One of my favorite pieces of music, this piece by Vince Guaraldi appears to be among the most frequently used songs for synchronized Christmas light displays.
This one has a pretty good soundtrack, but the camera movement can cause a little queasiness.
I used this song about 5 years ago when Fluff and I competed in Canine Musical Freestyle. I ran out of time (and patience) to choreograph it properly because I have no musical talent or rhythm or knowledge of how to choreograph. It's tough to find someone who can help with choreography for a dog. Telling the dog to "do that spin just a little faster at this point, slower at that point" doesn't really work well. It's entirely possible to teach a dog to spin at a certain speed (assuming the dog is physically capable of it), but it takes exquisite timing on the trainer's part. Then there are human and canine nerves at exhibitions. Many dogs tend to slow down when their handlers appear nervous or uptight in a doggy effort to let the handler know everything is okay and it's time to calm down. Fluff, on the other hand, tends to get amped at this stage and try every behavior she knows in rapid succession to see if any of them are the key to calming me.
Anyway, this song worked for us. Despite my notorious dislike of costuming, I could deal with a red & white striped turtleneck and socks combined with green tights and a Santa hat. Fluff, who really needs no adornment with her flashy colors, wore a jinglebell collar. We got out there and did our favorite moves and had fun. There are advantages to completing your title the day before -- I was relatively relaxed because I had no intention of moving up to the next level of competition. At one point, Fluff curtseyed to me then looked over at the audience and grinned at them to a collective "Awwwwww" from the crowd. We won a special award for Most Bonded Team that day.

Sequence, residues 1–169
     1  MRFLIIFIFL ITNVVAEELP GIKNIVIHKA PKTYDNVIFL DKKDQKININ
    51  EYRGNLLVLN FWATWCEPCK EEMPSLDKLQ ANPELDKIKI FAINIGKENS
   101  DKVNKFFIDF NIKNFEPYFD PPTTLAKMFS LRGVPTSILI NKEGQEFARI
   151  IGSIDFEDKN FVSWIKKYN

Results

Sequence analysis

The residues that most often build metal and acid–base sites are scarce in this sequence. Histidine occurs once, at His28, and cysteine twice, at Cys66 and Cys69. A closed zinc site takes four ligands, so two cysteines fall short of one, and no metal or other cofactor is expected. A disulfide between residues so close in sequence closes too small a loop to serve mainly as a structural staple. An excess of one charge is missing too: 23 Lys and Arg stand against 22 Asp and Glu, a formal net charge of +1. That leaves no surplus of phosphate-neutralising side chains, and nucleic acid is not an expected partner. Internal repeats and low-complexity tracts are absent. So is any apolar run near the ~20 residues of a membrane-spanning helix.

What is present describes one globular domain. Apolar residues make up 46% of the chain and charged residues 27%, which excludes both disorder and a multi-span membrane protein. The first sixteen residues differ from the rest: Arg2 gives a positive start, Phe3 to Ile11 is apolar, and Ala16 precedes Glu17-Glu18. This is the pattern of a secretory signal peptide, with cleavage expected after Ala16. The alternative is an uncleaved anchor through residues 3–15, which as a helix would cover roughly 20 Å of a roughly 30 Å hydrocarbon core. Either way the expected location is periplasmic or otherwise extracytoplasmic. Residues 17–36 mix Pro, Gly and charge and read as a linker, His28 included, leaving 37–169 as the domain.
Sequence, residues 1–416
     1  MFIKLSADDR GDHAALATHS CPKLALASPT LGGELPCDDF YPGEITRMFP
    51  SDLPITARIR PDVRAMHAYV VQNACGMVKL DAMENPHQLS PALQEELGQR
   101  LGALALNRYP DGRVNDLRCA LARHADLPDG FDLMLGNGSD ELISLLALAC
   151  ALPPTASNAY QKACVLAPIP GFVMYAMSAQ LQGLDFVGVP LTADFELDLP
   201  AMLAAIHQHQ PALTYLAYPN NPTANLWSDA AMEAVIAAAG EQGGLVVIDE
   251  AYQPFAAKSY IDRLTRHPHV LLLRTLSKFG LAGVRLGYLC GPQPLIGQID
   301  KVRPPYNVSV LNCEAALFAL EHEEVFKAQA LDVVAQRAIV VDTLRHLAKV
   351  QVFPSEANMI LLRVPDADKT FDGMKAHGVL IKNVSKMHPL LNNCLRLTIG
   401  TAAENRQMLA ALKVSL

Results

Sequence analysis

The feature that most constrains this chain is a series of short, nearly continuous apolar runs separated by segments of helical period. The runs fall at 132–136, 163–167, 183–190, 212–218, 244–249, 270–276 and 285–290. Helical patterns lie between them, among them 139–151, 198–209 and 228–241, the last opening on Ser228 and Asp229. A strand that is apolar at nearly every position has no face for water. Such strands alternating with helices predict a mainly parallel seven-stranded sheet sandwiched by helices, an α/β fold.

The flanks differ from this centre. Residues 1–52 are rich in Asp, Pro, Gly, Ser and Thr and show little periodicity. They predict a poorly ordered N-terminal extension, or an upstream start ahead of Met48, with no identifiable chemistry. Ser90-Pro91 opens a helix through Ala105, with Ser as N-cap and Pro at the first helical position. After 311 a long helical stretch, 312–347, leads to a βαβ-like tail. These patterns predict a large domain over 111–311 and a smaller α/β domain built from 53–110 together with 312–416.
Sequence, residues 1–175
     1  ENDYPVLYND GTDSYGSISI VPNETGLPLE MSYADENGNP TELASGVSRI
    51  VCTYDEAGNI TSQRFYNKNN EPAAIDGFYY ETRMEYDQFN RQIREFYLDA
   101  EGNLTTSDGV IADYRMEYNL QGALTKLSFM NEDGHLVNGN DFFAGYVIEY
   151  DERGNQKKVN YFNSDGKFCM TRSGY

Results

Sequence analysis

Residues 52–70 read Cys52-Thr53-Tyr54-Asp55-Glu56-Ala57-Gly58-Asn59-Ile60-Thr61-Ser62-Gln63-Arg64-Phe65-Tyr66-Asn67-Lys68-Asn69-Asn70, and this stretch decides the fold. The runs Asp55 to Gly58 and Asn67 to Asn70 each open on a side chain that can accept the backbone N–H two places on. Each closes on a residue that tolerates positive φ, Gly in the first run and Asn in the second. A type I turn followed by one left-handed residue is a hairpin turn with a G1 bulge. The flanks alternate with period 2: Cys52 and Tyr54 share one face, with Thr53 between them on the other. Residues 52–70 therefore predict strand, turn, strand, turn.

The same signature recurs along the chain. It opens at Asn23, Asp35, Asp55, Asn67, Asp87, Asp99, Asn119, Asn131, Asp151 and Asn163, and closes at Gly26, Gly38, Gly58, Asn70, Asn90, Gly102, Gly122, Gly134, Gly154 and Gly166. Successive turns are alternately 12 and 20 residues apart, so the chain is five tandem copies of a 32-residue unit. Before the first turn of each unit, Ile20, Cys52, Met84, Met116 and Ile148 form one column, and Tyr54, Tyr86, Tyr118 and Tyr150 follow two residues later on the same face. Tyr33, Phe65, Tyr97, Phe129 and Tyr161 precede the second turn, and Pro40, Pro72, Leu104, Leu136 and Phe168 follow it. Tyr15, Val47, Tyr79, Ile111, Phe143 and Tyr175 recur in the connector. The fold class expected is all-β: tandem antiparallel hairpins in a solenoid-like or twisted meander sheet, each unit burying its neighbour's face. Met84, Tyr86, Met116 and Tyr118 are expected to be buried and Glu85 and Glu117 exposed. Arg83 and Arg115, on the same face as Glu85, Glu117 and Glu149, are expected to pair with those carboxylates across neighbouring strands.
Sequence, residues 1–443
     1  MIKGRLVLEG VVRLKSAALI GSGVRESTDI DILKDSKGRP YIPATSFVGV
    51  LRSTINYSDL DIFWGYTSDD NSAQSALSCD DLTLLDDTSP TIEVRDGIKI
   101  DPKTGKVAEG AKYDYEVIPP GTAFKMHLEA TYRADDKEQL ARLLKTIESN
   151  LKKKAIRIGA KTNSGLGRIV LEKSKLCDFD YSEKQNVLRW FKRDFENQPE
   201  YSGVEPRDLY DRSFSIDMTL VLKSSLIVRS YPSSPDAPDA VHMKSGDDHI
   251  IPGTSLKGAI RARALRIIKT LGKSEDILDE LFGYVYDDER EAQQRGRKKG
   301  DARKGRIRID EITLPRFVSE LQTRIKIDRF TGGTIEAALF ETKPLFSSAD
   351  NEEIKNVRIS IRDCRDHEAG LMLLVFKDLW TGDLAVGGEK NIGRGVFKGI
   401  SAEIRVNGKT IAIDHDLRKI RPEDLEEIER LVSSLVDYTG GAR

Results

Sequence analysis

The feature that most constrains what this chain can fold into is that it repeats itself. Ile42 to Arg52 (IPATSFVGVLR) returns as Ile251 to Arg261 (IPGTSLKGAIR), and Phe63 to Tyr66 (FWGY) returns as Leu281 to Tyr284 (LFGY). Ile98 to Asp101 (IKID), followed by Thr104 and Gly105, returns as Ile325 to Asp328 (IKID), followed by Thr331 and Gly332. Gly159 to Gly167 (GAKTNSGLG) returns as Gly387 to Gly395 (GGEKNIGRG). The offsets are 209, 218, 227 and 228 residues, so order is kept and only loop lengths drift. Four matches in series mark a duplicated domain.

One of the best local trainers in freestyle later asked me how I taught Fluff to pay attention to me because "she never takes her eyes off you in the ring." Unfortunately, I didn't really know. I thought I hadn't specifically trained attention because it seemed to just flow out of our lives together. Thinking back now, I realize I did teach some of it as a way of dealing with Fluff's insecurities around other dogs. If she didn't stare at them, she didn't get so nervous about dogs being near her. If she was staring at me, she wasn't staring at them, so I encouraged her to watch me carefully in show environments. Fluff learned "watch Mum carefully whenever you are nervous or uncomfortable." Since she picks up on my nerves in competition, she's nervous and uncomfortable in those situations.
In fact, 4 months later Fluff let me know she was retiring from competition. The night before a national competition, she went lame to the point where she could barely get to her feet. I apologized to her because I had ignored her saying she didn't want to do this any more for several months. In my selfish way, I wanted to show her off one last time, so I ignored her very unusual lack of enthusiasm for training. We did not compete that weekend, and she has not competed in freestyle again, although she has done a few demos. She's happier retired, I think, although we both miss some of the connection that comes through training. I'm too lazy to think up training goals when I don't have a competition behavior to focus me.